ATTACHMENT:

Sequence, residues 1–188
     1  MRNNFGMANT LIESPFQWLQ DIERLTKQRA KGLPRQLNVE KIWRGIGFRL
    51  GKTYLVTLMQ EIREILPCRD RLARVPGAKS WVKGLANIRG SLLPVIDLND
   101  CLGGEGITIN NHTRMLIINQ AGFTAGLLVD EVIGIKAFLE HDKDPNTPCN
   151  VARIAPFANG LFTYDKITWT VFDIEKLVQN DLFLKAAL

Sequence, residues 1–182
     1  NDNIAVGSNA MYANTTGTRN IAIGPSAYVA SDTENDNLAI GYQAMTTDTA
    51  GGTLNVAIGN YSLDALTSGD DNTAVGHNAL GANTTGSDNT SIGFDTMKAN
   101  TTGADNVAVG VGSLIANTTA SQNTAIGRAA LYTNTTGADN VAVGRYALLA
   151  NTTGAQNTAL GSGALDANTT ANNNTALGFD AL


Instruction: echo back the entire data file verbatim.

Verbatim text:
Sequence, residues 1–188
     1  MRNNFGMANT LIESPFQWLQ DIERLTKQRA KGLPRQLNVE KIWRGIGFRL
    51  GKTYLVTLMQ EIREILPCRD RLARVPGAKS WVKGLANIRG SLLPVIDLND
   101  CLGGEGITIN NHTRMLIINQ AGFTAGLLVD EVIGIKAFLE HDKDPNTPCN
   151  VARIAPFANG LFTYDKITWT VFDIEKLVQN DLFLKAAL

Sequence, residues 1–182
     1  NDNIAVGSNA MYANTTGTRN IAIGPSAYVA SDTENDNLAI GYQAMTTDTA
    51  GGTLNVAIGN YSLDALTSGD DNTAVGHNAL GANTTGSDNT SIGFDTMKAN
   101  TTGADNVAVG VGSLIANTTA SQNTAIGRAA LYTNTTGADN VAVGRYALLA
   151  NTTGAQNTAL GSGALDANTT ANNNTALGFD AL